Latvia — Latvia is the middle of the three Baltic republics, bordering Estonia to the north, Lithuania to the south, Russia and Belarus to the east and the Baltic Sea to the west. Like the other Baltic republics, Latvia gained its independence in 1918 and was occupied and annexed by the Soviet Union in 1940. Latvia reclaimed its independence in 1990 as the Soviet Union disintegrated.
In its first period of independence, Latvia was a fairly prolific issuer of airmail semipostal stamps. The designs of most sets are quite colorful and attractive. Most were issued both perforated and imperforate, with the imperforate varieties listed in the Scott catalog with minor numbers.
As they did not see great postal use, nearly all are less expensive in unused hinged condition than in used condition. Most sets are moderately valued.
I especially like the set of five honoring aviation pioneers issued in December 1932 (Scott CB9-CB13). This set is also popular with topical collectors. The subjects include mythology (Icarus), fine arts (Leonardo da Vinci) and aviation (the Charles balloon, the Wright Brothers airplane and a Bleriot monoplane).
The 2014 Scott Classic Specialized Catalogue of Stamps and Covers 1840-1940 values the set, either perforated or imperforate, in unused hinged condition at $75 and in mint never-hinged condition at $125. A used set is valued at $100, but expertization might be required to ensure that the postmarks are genuine and contemporary.
I think this set is a good buy at around $50 in unused hinged condition. Pay attention to grade and condition; avoid examples with cracked, toned, or glazed gum. Examples in mint never-hinged condition are more difficult to find, and you probably have to pay closer attention to the Scott catalog value for a set in that condition.
Tip of the week
United States — In the mid-19th century, basic postage fees covered delivery only from post office to post office. In smaller towns and cities, recipients generally picked their mail up at the post office. In bigger cities, an additional fee was required for patrons desiring delivery to their addresses within the city. Carriers’ stamps were issued to show prepayment of the additional delivery fee.
Many privately owned and operated carrier services were in operation, but in 1851, the federal government began providing carrier service in some cities and issued stamps to show payment of the fee. These carriers were appointed by the postmaster general and bonded by the U.S. government. Carrier fees were discontinued June 30, 1863.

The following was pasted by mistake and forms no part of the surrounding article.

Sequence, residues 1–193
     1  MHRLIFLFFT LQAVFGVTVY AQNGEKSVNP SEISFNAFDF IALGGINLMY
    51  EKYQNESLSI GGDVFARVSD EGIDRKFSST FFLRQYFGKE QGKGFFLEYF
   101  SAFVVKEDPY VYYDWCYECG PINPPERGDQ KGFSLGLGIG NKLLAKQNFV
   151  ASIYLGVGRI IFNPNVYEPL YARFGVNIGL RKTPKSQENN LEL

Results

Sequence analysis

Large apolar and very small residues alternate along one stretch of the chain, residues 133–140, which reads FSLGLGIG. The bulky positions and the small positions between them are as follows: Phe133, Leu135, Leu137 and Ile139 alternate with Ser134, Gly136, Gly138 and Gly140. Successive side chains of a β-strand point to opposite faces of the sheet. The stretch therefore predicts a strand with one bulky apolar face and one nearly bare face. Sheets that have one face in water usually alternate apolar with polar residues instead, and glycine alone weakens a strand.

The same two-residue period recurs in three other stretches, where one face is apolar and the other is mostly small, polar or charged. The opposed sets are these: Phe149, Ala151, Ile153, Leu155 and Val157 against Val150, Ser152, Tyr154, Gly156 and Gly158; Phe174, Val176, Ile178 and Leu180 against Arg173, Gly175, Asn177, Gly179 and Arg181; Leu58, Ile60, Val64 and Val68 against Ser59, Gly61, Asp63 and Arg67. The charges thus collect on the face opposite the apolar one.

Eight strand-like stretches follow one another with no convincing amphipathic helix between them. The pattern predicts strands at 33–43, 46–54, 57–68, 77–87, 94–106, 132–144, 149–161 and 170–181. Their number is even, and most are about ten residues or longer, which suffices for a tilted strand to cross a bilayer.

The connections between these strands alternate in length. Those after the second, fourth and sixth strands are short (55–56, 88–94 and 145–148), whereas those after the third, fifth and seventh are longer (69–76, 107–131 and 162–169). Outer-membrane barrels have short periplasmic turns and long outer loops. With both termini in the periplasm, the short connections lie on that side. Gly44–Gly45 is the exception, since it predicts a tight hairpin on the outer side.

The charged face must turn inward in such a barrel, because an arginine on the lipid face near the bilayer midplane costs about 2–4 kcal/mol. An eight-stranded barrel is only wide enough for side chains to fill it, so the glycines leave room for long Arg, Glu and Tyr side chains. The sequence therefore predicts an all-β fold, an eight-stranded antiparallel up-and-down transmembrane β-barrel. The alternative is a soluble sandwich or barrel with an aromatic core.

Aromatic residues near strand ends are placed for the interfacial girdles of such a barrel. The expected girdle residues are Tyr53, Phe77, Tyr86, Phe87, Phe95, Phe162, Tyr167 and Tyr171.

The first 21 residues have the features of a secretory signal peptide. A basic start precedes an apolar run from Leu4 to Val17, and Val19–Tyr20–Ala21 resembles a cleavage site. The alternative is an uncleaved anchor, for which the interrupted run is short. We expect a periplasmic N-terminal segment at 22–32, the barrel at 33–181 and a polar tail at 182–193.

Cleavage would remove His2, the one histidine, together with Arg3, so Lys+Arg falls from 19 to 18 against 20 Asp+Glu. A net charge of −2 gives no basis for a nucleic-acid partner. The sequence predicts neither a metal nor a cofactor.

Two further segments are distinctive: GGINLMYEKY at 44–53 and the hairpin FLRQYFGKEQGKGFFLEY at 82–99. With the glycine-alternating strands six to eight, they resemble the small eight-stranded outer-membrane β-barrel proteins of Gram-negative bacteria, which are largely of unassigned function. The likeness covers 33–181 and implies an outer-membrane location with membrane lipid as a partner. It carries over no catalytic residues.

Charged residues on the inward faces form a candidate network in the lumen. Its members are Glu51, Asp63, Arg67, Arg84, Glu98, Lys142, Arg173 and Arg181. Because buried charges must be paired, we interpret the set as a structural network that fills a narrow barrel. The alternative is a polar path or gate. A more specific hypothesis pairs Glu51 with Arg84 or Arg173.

General issue carrier stamps produced by the U.S. government were of two designs: a 1¢ Benjamin Franklin stamp (Scott LO1) and a 1¢ Eagle stamp (LO2), both imperforate. The Franklin stamp is quite expensive, but the 2014 Scott Specialized Catalogue of United States Stamps and Covers values a 1¢ blue Eagle stamp at just $50 in unused original gum condition. If you shop carefully, I think you can find a nice four-margin example with gum in the $35 to $45 price range, and it is a good buy at those prices. Counterfeits exist, so beware of any deal that seems too good to be true. — H.G.
blogThis month marks my fifth anniversary writing the monthly auction report for Linn’s Stamp News. That’s 60 columns, totaling more than 100,000 words (enough for a decent-sized novel), all about our favorite hobby. Read More ›
blogWhen this cover was listed on eBay in mid-September, it didn't take long for some knowledgeable collectors to recognize this piece of postal history for the gem that it is: an early trans-oceanic survey cover for a Pacific route that included Midway Island, which would become famous as the location of a pivotal 1942 naval battle during World War II. Read More ›
blogIn mid-September I traveled to London, England, to attend Autumn Stampex, one of two British national stamp shows sponsored by the Philatelic Traders’ Society, Great Britain’s national stamp dealers association. The show took place Sept. 16-19 at the Business Design Centre in Islington (central north London), a comfortable and attractive venue for a stamp show. Read More ›
September 28, 2015 03:30 AMAfter the 1906 earthquake in San Francisco, postal workers not only saved the mail, they saved the new post office building. Read More ›
Watch as Linn’s Stamp News senior editor Denise McCarty discusses current events that relate to the stamp hobby, including the relocation of a stamp show in Sweden due to the Syrian refugee crises, and new stamps honoring Pope Francis and the British monarchy.
Watch as Linn’s Stamp News associate editor Michael Baadke talks about a record fifth win for wildlife artist Joseph Hautman in the federal duck stamp art contest, and see the painting that will appear on next year’s federal duck stamp
Watch as Scott catalog senior editor Marty Frankevicz questions Bolivia’s choice for the design of a 2013 stamp honoring the country’s efforts to protect its migrants in foreign lands.
Watch as Linn’s Stamp News managing editor Chad Snee discusses the discovery of the upright Jenny Invert pane received in an order from Stamp Fulfillment Services in Kansas City, Mo., and also reports on the Confederate Stamp Alliance.
It is always a treat to get to see stamp dealers’ own collections.
In the recently concluded Linn’s United States Stamp Popularity Poll, the Circus Posters set of eight stamps was chosen as the overall favorite issue of 2014.
Dispersal of the splendid Daniel B. Curtis collection continued March 25, with Robert A. Siegel Auction Galleries gaveling items from United States back-of-the-book and possessions.
The 175th anniversary of the first postage stamp, Great Britain's Penny Black, is May 6, but the stamp was placed on sale May 1, 1840, for mailers to use beginning on May 6, the designated issue date.